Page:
Off road running is often considered difficult and more for ‘proper’ runners than road running. Whilst it is true that it is more technically challenging, it can also enhance road running (and not just by making you appreciate a smooth surface more!). As a keen off road runner and Chippenham Sports Massage Therapist, I get to interact with lots of local trail runners. Here is some advice that should help runners of all abilities…
Improve your style….
Trail running can help your running form. Often the terrain forces you to change your gait and shorten your stride thus increasing your cadence. You also have to balance more, using your core and obliques, and rather than solely travelling in a forward motion, you are having to turn/twist. This motion utilises and strengthens lesser – used stabilisation muscles which then relieves the pressure from the main muscle groups that have to work hard to drive you forwards in one direction on the road. It may seem hard to believe but trail running can help ankle and foot strength, as those smaller muscles have to work hard to stabilise over uneven ground. Claire Frances, GB Middle Distance Triathlete, regularly runs 11 miles off road to keep up her endurance and strength in the legs and beyond.
Make the grad(ient)….
Most off road running involves changes in gradient that is more challenging than on the streets of a town or city. Not only will this help make your muscles stronger, your pace will also need to vary as you are forced to run up and downhill, helping to create muscle memory and making speed work sessions on the road seem easier. Hills on a trail run will often vary in gradient and length, thus constantly challenging your legs and lungs with variety.
Less stressful impact…
The impact of road running on the body can create some overuse injuries; as the ground is softer than concrete, less force travels through the body on trail runs resulting in less stress on all the muscle groups. As trails have changing inclines, terrain and obstacles, your average road run pace goes out of the window. Much better to leave your watch at home, or just not look, unless of course, you are following the route on it.
Part of the plan…..
Trail runs should ideally be in a slightly more advanced training plan as part of active recovery. Active recovery is an integral part of any training program for any distance. It aids in muscle memory, building your aerobic system, muscle endurance and can act as recovery from a hard workout. A route that is rocky or rooty forces you to slow down, not run to your watch but more to how your body feels and therefore acts as a recovery run. In a marathon-training plan, it can give your legs a break from the fatigue of running on concrete.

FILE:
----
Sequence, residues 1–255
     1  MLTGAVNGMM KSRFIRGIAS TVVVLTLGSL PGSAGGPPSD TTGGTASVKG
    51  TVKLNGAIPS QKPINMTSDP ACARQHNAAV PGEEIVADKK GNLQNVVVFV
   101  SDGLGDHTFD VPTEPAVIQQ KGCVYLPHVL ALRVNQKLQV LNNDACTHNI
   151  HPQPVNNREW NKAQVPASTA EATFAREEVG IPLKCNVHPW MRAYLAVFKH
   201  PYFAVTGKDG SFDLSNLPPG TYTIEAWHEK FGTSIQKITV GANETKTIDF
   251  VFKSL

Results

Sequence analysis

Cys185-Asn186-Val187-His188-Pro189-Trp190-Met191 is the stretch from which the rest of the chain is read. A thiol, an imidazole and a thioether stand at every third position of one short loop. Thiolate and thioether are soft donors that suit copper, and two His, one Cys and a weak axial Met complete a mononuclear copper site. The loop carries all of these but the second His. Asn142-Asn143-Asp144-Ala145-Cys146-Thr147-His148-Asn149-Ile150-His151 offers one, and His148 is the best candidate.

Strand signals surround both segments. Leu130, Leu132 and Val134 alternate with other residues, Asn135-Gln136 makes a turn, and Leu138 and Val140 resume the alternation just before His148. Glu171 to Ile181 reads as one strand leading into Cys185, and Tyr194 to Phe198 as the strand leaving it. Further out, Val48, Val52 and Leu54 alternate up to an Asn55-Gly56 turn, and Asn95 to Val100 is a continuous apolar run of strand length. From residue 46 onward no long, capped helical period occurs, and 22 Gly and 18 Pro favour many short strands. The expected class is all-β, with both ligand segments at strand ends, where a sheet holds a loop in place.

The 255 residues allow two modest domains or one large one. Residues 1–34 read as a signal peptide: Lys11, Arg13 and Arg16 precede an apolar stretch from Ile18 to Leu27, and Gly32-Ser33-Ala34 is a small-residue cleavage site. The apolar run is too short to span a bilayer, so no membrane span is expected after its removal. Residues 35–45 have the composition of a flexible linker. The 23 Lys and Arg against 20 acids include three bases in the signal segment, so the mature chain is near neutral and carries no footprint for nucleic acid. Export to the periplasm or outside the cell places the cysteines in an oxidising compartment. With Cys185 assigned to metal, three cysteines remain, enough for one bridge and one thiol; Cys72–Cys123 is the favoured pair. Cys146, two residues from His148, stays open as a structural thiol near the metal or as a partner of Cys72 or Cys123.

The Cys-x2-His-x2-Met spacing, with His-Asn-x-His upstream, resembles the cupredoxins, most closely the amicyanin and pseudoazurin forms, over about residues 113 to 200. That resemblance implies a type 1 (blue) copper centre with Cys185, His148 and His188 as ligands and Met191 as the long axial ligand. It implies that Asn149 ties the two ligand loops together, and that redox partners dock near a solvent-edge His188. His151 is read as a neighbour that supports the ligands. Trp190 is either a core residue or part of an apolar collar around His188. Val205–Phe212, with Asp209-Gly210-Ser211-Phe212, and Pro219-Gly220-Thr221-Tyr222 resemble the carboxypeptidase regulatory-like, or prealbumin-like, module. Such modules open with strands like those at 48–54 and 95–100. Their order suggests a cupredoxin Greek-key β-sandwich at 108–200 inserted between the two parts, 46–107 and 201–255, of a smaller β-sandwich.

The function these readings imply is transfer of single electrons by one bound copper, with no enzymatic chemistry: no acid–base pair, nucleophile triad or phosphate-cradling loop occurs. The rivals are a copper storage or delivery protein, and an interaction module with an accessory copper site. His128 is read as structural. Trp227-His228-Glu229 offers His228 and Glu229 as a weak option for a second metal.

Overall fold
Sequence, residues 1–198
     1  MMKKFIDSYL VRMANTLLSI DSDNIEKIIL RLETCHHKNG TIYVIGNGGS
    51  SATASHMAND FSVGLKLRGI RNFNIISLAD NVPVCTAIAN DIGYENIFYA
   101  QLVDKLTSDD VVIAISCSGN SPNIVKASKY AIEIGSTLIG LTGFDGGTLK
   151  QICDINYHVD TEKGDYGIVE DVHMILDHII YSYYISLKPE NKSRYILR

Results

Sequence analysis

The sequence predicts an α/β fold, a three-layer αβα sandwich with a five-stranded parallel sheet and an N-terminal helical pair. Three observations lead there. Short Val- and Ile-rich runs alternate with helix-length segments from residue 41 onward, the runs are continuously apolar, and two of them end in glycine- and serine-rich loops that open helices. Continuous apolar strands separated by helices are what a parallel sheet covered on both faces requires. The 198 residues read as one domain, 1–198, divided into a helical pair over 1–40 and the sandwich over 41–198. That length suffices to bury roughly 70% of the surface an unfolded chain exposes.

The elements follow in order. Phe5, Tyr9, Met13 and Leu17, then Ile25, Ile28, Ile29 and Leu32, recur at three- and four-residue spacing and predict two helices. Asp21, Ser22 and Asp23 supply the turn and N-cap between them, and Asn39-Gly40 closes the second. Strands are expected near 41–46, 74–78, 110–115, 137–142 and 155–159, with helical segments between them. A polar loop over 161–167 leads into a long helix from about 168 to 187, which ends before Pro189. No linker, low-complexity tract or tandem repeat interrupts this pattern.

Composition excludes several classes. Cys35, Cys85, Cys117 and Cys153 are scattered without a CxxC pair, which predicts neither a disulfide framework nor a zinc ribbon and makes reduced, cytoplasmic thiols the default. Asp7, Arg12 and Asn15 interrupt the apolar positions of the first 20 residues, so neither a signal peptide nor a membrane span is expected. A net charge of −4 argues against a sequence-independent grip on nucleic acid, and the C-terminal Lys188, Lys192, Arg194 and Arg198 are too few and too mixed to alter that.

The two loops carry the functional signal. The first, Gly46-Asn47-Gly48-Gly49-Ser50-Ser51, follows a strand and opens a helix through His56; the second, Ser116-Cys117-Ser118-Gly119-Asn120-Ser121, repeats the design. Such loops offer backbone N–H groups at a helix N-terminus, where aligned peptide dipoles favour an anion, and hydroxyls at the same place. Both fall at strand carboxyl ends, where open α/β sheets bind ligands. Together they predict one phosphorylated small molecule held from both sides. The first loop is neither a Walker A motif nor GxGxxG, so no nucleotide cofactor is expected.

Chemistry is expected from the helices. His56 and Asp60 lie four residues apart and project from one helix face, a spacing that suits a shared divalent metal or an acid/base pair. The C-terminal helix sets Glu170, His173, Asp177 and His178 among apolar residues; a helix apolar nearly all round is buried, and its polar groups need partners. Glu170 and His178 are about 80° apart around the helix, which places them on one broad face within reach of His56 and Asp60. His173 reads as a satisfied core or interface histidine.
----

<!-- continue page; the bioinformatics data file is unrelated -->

More so than all of these technical reasons, trail running can really help mental health, forcing you to switch off from the stresses of modern life and concentrate solely on foot placement and the few metres in front of you. There’s nothing quite like pausing at the top of a hill, admiring the view and asking yourself how you just managed to get up there. And there is nothing quite like the sense of achievement, or smugness, from having done an 8 mile off road run over hills and through fields, knowing that you have really earned that tea and cake (trail runs burn more calories than road running for anyone still needing encouragement).
You don’t need more gear really for off road running, although there is no doubt that a pair of off road shoes will give you more grip. They can be picked up quite cheaply now online or in Sports Direct if you don’t know whether trail running is for you. Have a go, maybe, around Corsham Court first and see if you can feel the benefits before investing too greatly. The Club regularly organises away runs if you would feel more confident in a group initially. Have a go and enjoy it, you never know, it might be your thing!
Chippenham Sports Massage Therapist Advice
For more information or advice about trail running or to know more about my role as a Chippenham Sports Massage Therapist, please drop me a line.